Let’s start 2017 out with a double dose of frustration. It’s going to be an interesting year so we need to start practicing. One of my favorite puzzle box artists, Eric Fuller from North Carolina, has designed many brilliant boxes over the years, and has crafted even more interlocking puzzles designed by others. As you may recall from my recent review of his Spline Cube #3, he likes to make boxes that are very tricky to open. This time he has collaborated with the prolific puzzle designer Goh Pit Khiam from Singapore to create a double challenge. The fun begins with the “B-Box”, Khiam’s design which is based off of Karakuri artist Hiroshi Iwahara’s Super-CUBI design. That puzzle utilizes a trinary movement system and requires 324 moves to open, while Khiam’s B-Box is a bit simpler, merely requiring 135 moves to access the internal compartment. The “B” likely stands for “Burr”, as in, interlocking mechanical puzzle, because the B-Box can further be disassembled into 6 individual panels which were expertly crafted from maple and mahogany by Eric Fuller. The inner side of each panel is etched with a similar appearing maze, and if you are Khiam, you can probably deduce all 135 movements merely from studying these patterns, but for the rest of us the B-Box is a fair challenge. Particularly difficult is putting it back to the starting position once opened – a fair many friends have singularly failed at this effort. Not that I would know, mine is perfectly squared up again. Ahem.
|B-Box by Goh Pit Khiam and Eric Fuller|
Once opened, as a wonderful reward there is another entirely independent puzzle box, perfectly nestled inside the internal compartment of B-Box. Tip this out and you are holding the “Reactor Box”, a tiny puzzle box which packs a huge headache designed and created by Eric Fuller from walnut, mahogany and paduak woods. Reactor Box is truly diminutive, measuring a wee 1.75 inches squared. You might imagine that a box this tiny couldn’t pack much of a punch, and you would be seriously mistaken. Initial exploration reveals a few initial movements and something rather unusual – a piece falls out into your lap. There are, coincidently, a whole bunch of places where this bit can now go, and you may spend a long time trying to figure out this particular step of the puzzle. All I can tell you is that, once again, Eric Fuller is a devious bastard who is out to sabotage you. The finale is quite wonderful, with a truly satisfying aha moment, and you are treated to yet another tiny treasure inside an even tinier box. You can also marvel at the mechanism inside the “reactor”, which provided the inspiration for Eric’s follow up, the Small Button Box (to be reviewed later this year). Reactor Box demonstrates Eric’s virtuoso skill, hiding the tiniest mechanisms in a perfectly precise “puzzler’s puzzle”.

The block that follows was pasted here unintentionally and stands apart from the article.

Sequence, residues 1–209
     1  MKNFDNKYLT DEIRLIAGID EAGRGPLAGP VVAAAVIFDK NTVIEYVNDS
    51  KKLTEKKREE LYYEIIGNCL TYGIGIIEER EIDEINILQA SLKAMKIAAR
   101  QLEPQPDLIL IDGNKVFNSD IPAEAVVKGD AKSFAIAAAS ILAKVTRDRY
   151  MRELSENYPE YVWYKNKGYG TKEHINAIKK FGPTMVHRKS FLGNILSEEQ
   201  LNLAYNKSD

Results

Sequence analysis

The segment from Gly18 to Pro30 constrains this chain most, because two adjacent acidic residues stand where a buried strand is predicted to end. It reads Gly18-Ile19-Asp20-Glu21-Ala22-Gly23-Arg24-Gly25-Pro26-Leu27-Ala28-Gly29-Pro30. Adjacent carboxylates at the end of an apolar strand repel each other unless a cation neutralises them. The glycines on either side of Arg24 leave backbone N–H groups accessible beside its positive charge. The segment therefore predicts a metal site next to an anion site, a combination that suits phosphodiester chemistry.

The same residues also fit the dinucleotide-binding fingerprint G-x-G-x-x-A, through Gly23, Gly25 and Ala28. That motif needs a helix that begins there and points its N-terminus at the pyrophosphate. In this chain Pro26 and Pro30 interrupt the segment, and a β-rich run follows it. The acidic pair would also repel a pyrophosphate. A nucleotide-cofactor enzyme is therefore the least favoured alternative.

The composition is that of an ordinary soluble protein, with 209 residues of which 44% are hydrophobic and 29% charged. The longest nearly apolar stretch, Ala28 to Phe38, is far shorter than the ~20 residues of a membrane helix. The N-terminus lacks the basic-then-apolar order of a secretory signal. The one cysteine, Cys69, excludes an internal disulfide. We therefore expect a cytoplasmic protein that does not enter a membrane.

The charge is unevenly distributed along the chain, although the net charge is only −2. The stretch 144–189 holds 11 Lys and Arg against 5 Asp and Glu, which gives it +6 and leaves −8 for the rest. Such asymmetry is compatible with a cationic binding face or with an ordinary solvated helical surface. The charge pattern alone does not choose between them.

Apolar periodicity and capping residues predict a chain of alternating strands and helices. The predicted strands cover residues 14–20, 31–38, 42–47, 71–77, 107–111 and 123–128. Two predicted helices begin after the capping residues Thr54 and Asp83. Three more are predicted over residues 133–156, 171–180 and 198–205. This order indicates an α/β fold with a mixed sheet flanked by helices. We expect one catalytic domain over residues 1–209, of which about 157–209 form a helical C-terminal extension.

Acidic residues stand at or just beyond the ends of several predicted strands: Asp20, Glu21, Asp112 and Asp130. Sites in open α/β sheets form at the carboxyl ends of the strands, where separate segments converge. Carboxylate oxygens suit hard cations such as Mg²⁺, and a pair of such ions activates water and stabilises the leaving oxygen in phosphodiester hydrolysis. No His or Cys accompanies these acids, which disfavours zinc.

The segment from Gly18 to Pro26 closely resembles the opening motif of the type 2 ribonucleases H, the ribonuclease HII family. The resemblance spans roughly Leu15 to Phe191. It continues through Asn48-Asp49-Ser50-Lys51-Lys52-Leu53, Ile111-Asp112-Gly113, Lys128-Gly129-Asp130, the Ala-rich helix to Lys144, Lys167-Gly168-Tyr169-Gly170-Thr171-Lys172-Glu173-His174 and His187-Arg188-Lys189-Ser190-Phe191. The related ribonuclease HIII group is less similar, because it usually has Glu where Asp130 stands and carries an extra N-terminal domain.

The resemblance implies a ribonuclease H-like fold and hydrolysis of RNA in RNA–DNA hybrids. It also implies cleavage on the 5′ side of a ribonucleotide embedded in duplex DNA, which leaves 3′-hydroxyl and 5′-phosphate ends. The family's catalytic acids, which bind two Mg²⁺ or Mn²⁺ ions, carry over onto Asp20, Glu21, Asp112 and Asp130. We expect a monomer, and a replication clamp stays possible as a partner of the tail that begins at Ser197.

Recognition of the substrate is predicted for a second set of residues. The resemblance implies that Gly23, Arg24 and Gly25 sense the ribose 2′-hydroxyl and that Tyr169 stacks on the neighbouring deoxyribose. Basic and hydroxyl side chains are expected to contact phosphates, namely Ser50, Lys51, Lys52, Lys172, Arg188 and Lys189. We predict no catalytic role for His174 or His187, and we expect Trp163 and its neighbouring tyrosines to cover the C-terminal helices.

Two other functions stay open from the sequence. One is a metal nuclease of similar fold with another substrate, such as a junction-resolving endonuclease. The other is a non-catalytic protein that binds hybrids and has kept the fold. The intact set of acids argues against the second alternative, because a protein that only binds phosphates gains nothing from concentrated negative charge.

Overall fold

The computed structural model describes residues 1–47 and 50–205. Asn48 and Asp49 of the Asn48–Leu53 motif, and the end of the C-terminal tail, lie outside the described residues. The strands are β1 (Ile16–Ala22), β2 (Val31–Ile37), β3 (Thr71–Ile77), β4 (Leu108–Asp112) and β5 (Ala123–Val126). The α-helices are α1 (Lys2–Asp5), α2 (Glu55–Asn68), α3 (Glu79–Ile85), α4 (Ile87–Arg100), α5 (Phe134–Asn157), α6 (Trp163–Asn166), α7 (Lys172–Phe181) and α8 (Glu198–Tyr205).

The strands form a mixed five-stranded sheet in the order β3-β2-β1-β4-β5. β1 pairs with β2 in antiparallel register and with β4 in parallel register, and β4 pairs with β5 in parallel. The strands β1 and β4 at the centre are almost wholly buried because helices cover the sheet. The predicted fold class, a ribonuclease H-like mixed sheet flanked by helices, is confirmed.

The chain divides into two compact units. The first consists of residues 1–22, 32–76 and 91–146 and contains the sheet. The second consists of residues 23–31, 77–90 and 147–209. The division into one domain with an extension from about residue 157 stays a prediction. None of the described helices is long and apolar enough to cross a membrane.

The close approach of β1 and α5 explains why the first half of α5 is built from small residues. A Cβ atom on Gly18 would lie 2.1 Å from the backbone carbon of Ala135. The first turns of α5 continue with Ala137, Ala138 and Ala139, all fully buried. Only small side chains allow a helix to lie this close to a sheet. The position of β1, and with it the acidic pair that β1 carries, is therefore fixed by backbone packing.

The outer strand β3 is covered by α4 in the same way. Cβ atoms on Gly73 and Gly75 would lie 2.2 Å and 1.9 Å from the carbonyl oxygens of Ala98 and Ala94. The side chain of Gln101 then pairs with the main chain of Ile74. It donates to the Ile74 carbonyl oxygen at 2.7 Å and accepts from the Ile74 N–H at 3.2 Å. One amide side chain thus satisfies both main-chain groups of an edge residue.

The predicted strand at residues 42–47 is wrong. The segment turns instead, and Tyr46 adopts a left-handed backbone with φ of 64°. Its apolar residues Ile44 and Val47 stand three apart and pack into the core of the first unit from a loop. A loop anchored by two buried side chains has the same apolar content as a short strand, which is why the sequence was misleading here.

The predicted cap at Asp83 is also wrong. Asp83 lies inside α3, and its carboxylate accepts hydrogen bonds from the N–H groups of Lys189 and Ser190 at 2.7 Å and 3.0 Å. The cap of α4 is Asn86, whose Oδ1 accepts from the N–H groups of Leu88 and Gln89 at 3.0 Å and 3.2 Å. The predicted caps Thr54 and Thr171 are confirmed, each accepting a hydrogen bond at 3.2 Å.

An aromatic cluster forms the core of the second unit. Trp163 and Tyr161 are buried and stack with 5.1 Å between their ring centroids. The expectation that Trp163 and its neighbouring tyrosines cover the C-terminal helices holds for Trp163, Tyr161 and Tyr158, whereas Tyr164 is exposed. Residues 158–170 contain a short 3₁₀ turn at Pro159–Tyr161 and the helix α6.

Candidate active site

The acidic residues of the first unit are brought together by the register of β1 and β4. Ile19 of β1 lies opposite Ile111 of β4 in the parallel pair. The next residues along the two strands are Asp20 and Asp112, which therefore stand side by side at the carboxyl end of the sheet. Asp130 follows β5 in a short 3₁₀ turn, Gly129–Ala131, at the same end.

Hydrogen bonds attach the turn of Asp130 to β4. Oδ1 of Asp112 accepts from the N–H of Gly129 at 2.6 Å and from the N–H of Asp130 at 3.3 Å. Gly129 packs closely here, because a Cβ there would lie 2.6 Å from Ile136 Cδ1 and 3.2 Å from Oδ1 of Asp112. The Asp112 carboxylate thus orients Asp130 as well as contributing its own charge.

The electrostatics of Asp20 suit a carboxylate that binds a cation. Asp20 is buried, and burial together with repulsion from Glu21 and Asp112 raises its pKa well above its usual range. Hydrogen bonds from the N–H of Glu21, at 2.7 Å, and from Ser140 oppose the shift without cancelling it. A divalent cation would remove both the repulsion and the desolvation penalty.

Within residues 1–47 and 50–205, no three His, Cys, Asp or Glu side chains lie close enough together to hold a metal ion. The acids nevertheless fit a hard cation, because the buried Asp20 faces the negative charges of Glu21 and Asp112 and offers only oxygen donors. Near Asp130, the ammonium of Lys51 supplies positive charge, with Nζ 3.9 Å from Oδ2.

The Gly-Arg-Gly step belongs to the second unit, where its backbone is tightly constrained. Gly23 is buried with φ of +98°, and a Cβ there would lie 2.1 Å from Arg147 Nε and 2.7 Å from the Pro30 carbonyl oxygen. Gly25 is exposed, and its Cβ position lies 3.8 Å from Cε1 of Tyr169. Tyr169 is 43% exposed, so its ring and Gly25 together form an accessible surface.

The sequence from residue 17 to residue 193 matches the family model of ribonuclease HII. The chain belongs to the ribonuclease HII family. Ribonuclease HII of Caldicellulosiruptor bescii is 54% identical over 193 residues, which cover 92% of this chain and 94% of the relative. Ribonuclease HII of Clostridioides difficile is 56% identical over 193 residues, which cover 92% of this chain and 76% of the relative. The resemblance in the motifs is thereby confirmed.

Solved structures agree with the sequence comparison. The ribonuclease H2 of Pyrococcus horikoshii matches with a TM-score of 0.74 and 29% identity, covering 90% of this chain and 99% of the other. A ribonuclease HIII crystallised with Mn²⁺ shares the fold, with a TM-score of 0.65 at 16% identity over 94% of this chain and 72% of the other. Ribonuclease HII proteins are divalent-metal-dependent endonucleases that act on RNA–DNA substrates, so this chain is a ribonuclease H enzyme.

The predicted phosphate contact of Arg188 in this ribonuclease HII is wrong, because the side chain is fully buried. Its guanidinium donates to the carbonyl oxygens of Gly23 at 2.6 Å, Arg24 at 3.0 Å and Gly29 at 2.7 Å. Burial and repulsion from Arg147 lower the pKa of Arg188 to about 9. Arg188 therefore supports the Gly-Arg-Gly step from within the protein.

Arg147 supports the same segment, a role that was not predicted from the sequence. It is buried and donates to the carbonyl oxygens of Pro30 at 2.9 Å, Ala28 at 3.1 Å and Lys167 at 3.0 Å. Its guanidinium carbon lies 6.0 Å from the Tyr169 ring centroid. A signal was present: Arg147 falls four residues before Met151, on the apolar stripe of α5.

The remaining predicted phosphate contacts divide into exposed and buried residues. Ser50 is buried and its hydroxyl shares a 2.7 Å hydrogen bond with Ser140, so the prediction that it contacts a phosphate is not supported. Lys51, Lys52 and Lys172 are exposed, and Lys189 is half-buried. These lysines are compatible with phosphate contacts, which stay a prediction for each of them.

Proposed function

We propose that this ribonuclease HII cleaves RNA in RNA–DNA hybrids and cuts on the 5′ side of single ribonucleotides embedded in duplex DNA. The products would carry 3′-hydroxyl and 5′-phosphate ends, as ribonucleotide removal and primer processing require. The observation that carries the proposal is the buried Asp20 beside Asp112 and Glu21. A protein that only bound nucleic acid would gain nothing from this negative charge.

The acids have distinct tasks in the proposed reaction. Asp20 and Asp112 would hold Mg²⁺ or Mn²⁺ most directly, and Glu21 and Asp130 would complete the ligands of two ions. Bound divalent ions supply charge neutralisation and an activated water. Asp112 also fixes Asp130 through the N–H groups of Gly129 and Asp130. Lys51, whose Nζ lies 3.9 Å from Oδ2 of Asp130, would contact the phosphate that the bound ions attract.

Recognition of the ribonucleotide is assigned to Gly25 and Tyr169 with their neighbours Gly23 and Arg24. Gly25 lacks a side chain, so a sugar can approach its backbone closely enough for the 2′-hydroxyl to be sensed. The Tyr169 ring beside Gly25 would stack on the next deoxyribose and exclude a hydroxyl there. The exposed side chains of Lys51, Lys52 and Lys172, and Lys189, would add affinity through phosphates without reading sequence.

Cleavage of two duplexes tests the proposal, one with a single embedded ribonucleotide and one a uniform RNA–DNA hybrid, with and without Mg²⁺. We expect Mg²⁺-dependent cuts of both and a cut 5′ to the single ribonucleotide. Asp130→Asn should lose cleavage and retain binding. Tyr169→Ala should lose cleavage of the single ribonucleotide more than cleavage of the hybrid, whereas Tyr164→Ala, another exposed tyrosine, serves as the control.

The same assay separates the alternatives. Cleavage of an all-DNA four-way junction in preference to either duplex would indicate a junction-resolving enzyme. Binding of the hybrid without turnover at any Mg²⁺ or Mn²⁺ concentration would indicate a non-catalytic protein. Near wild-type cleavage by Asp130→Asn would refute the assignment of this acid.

|Reactor Box by Eric Fuller|
Believe it or not, there is a perfect cocktail to toast the genius behind this double dose of devious delight. It originates from the Michelin starred restaurant in Malmo Sweden named, appropriately enough, Bastard. The home of head chef Andreas Dahlberg, Bastard has been described as “school room meets old fashioned butchers” and “hipster heaven” to name a few. At the back bar, they mix up a perfect concoction of smoky mezcal, sweet vermouth, green Chartreuse and bitters which is known as “Le Saboteur”. Next time you find yourself in Malmo, you may want to check it out, but you can start your own sabotage at home in the meantime with this “guess-cipe” from the cocktail traveling duo over at the Cocktail Detour blog, who have recreated the drink proportions. The drink is impressive, boozy and well balanced. It pairs well with these two puzzle boxes – but you might need one for each! Cheers!
|Le Saboteur from Bastard, Malmo|
Le Saboteur from Bastard, Malmo (proportions provided by Cocktail Detour)
1 oz Mezcal (I used Soltado, a spicy infused tequila)
1 oz Antica Formula Sweet Vermouth
1 oz Green Chartreuse
Few dashes Regans’ Orange Bitters to taste
Stir well to dilute with plenty of ice and strain into a favorite glass. Garnish with a double dose of frustration and keep your wits about you.
|A triple dose of sabotage|
For more information about Eric Fuller see his website at:
For prior puzzle pairings from Eric Fuller: